The Bush Administration is shoveling "midnight regulations" out the doors of agencies faster than a New Hampshire homeowner does snow off his sidewalk in January. One of the most egregious is a new regulation by the Health and Human Services Department that allows the morals of health care providers to trump those of patients. As the Los Angeles Times reports:
The Bush administration announced its "conscience protection" rule for the healthcare industry Thursday, giving doctors, hospitals, and even receptionists and volunteers in medical experiments the right to refuse to participate in medical care they find morally objectionable.
"This rule protects the right of medical providers to care for their patients in accord with their conscience," said outgoing Health and Human Services Secretary Mike Leavitt.
The right-to-refuse rule includes abortion and other aspects of healthcare where moral concerns could arise, Leavitt's office said, such as birth control, emergency contraception, in vitro fertilization, stem cell research and assisted suicide.
In addition, such "health care providers" may not have to refer patients to other practitioners who would respect the moral choices of patients.
reason warned that this was coming:
Can pharmacies, stem cell labs, or abortion clinics refuse to hire people who believe their activities are evil? The U.S. Department of Health and Human Services doesn't think so. The agency is circulating draft regulations that would outlaw employment discrimination on the grounds of religious and moral beliefs by any entity that receives the department's money.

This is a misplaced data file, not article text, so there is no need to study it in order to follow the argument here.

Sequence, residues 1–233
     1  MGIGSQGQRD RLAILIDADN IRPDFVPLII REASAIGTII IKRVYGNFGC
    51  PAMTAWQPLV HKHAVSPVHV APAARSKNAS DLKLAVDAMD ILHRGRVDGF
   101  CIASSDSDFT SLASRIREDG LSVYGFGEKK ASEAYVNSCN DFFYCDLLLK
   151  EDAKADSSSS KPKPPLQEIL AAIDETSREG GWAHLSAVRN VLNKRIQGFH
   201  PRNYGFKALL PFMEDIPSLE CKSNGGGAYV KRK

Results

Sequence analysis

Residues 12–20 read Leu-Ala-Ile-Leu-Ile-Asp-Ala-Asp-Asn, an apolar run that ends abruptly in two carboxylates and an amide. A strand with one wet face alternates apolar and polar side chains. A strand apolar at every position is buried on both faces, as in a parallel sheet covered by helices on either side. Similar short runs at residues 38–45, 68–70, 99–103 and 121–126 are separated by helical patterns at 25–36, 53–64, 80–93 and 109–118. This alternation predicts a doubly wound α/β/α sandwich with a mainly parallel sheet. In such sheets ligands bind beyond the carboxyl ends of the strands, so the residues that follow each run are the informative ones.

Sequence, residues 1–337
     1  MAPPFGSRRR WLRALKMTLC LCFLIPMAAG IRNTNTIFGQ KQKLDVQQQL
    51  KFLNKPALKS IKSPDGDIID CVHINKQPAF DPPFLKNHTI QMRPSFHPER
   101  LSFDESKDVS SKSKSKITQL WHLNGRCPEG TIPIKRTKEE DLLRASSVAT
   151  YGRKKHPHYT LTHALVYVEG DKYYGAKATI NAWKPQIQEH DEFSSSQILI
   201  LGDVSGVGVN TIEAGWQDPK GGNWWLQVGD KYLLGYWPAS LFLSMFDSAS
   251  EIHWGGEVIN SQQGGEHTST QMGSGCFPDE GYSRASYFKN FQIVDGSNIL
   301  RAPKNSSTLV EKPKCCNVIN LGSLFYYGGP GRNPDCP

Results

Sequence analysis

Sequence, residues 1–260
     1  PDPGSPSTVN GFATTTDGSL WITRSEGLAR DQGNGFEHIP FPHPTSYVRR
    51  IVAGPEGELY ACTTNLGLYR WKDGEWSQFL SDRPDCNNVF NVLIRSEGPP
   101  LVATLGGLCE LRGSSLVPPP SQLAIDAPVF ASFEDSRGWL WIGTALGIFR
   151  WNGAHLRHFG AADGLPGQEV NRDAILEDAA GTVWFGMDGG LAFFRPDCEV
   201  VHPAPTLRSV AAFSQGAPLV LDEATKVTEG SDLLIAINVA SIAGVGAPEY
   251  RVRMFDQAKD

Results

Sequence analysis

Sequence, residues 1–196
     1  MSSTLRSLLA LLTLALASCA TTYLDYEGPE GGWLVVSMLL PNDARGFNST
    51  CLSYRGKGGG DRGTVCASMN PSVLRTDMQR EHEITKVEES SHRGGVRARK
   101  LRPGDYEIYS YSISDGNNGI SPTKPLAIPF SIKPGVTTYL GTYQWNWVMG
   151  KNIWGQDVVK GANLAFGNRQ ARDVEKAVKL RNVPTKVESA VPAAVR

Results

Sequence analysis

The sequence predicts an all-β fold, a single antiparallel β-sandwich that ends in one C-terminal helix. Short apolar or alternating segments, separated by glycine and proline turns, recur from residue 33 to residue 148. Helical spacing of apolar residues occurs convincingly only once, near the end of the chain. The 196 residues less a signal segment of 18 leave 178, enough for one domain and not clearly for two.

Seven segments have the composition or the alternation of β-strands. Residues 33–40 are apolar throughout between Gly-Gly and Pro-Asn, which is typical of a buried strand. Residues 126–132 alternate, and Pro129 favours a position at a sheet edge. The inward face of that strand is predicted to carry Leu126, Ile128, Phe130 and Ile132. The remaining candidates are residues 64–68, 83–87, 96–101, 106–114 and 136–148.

Since Washington's subsidies are so ubiquitous, the rule would apply even to local pharmacies, because the feds pay for some prescriptions. In effect, the government's money is serving as a Trojan horse for the administration's moral agenda.
And reason noted that there was a simple solution for those whose consciences might be offended:
"Religious freedom is an important part of the history of this country," Richard S. Myers, a professor at Ave Maria School of Law, told The Washington Post. "People who have a religious or moral belief should not be forced to participate in an act they find abhorrent." Myers is correct. But why should the religious beliefs of others trump those of patients and employers? People who don't want to participate in medical procedures they find abhorrent have a simple solution: They can choose to work elsewhere.
Whole LAT article here.
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